Who are the least reached?
This is the question being asked on many OM teams. We have affirmed together that our mission is to these people, but who are they? Where are they? And how do we get to them?
We all respond viscerally to things that we know about and have experienced personally. My attention and action are focused on my relative in the hospital, not the millions of other people likewise in peril. I am more concerned not because of the degree of sickness, but because of the nearness of the relationship. Proximity often determines our emotions and response. This is a natural process, even in terms of the gospel. We see and react according to the experience we have. The majority of finances and enthusiasm are automatically applied within line of sight, which is why only a very marginal percentage of church money goes to foreign missions. We see the need at home because we see it. In OM, we understand that, unless we intentionally break those proximity barriers, the good news will remain out of reach for many for a long time.
True, the lost at home are as lost as those far away. However, those who are distant are much less likely to encounter Jesus through personal witness. A PEW research project noted that the vast majority of Muslims globally (even in Muslim minority countries) did not have a non-Muslim friend. In order to cross these boundaries, extraordinary effort must be put into place to ensure that the gospel is proclaimed throughout the whole Earth. We must intentionally create awareness of the disparity, formulate strategies and plans and move resources to overcome these barriers. If no one is intentionally looking to move our attention to the very least-reached areas, then our own neighbourhoods look pretty least reached.
In North America, there are extraordinary opportunities where we could make a huge difference if we applied our knowledge, skills and passion. Our calling as an organisation, however, is to steer the resources God has given to us towards the least reached who have no opportunity apart from our intervention. I can stand on the tallest structure of many world cities, look out and know that there are less than a handful of believers beneath me. This is the situation that OM has committed to change.
We must also look with spiritual eyes rather than political or economic. One country in my OM area has been the focus of many missions striving to breach political boundaries so that the gospel can be preached. Our goal, however, is not that believers from democratic, politically free countries do good things for people under totalitarian regimes. Looking with spiritual eyes, one sees that there are more believers here than in most European countries. So our strategy is to send, not receive; they may be resource poor, but they are gospel rich. Quite unsurprisingly, authenticity, boldness, resilience and gospel witness thrive where believers may not be in positions of power or favour.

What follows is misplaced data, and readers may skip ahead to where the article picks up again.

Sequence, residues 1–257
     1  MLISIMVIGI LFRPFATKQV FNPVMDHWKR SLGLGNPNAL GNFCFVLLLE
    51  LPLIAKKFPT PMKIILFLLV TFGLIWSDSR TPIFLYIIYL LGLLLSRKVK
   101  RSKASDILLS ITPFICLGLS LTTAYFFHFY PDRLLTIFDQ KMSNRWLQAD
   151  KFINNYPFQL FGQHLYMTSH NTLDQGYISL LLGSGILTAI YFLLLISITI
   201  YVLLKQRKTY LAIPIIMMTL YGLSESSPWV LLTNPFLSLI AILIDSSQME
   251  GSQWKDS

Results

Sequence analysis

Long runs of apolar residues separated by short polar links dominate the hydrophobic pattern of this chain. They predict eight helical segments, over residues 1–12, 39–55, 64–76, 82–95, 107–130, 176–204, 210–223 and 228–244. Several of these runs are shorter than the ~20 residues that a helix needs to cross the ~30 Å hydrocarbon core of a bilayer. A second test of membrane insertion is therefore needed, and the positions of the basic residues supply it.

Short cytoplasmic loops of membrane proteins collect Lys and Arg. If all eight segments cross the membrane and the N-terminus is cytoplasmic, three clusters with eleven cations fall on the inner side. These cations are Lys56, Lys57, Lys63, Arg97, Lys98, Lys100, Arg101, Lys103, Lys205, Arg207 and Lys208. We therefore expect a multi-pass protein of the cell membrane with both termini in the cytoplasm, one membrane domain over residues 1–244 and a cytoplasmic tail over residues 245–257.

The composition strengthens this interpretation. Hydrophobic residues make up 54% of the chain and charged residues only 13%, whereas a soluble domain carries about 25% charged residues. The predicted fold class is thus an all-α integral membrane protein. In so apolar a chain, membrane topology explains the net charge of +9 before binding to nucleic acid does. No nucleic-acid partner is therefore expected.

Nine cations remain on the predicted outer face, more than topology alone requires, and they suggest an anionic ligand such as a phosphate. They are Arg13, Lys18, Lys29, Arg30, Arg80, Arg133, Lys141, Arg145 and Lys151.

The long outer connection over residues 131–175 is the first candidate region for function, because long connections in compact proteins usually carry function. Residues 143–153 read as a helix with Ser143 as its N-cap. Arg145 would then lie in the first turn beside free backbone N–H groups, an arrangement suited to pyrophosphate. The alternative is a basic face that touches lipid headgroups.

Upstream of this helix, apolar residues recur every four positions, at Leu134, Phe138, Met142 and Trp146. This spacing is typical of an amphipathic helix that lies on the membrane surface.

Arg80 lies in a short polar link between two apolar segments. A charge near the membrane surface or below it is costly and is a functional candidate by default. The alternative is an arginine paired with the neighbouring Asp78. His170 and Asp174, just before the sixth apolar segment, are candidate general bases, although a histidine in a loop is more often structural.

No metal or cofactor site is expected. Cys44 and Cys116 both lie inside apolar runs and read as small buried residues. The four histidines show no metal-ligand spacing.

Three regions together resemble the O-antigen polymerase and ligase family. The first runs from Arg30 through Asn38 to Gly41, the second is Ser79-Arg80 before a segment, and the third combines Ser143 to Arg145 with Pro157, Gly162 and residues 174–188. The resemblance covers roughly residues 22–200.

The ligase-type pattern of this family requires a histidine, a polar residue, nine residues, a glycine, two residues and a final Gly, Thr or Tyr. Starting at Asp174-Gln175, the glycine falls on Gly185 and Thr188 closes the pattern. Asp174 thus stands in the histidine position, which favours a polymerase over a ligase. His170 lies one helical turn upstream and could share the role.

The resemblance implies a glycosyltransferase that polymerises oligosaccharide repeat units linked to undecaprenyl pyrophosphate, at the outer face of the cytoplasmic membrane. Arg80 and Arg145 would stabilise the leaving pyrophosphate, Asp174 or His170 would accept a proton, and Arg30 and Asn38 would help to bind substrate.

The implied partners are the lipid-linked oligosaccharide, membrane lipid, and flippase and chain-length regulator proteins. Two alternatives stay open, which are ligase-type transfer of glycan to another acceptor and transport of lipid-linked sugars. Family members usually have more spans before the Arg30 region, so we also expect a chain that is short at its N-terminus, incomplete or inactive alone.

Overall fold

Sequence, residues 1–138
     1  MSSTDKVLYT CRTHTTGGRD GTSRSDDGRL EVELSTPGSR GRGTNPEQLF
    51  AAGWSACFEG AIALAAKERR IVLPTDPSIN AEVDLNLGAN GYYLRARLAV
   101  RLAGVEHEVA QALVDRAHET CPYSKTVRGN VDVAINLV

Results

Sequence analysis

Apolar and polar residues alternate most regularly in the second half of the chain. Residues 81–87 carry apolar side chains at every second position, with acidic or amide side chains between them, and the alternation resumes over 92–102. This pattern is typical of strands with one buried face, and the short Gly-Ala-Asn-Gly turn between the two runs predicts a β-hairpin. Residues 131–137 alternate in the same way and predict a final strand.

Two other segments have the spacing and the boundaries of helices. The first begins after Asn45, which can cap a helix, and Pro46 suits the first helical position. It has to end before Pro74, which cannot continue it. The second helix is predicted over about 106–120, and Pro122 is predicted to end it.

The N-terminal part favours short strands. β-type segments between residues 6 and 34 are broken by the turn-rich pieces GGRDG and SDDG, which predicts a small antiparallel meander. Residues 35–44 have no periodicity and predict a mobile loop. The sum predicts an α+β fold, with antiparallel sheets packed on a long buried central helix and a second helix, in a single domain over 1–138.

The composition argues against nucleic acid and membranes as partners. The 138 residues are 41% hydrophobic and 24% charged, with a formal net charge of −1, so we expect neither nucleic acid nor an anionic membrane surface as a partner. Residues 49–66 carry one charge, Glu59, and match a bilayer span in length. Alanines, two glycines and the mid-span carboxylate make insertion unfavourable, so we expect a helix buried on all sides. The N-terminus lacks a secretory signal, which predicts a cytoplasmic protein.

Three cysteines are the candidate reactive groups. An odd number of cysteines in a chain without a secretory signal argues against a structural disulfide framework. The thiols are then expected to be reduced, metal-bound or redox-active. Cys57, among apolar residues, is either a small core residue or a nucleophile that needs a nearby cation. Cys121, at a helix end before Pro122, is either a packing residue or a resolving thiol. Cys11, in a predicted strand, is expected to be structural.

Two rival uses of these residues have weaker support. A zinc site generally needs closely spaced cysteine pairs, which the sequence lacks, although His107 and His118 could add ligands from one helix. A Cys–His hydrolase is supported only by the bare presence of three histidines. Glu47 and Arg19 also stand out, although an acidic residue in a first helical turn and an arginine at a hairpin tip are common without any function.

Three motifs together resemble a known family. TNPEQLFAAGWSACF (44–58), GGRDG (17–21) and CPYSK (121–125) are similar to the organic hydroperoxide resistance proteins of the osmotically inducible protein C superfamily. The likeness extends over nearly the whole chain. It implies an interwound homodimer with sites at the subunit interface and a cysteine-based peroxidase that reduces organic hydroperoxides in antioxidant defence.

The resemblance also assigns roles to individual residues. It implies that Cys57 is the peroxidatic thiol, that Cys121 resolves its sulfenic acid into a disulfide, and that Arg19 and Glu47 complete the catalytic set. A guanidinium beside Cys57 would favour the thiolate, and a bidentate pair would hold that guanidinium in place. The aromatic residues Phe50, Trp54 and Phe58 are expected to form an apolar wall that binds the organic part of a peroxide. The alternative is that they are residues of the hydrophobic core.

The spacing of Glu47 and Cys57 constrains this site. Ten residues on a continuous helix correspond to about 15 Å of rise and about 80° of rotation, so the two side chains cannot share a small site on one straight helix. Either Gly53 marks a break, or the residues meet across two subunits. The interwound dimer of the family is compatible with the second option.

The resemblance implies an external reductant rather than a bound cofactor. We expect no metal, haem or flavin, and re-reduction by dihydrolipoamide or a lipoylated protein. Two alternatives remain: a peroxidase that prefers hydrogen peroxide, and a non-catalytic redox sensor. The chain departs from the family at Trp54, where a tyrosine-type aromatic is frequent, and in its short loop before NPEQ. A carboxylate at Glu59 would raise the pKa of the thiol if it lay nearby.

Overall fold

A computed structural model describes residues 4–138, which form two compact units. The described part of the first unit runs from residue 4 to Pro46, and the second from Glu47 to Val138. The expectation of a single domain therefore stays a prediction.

We must also pay attention to proximity bias in our own internal structures. To be provocative: Since needs close to home are perceived as the greatest, is this why our formal communications structure is more concerned about how we communicate about ourselves than how we communicate the good news? A brother recently compared the poor-looking gospel tract he was given to the glossy OM brochure he received in the post. Is this why our personnel services are organised to serve ourselves rather than the people we say we serve as a mission? Must some degree of realignment happen here as well to escape the proximity bias?
Harvey Thiessen is currently the North America area leader for OM and has been involved in OM since 1984. He is also on the executive board of the Canadian Network of Ministries to Muslims and on the board of MoveIn (a growing movement of people moving into neighbourhoods of urban unreached poor). Harvey and his wife, Brenda, live in Port Colborne, Canada.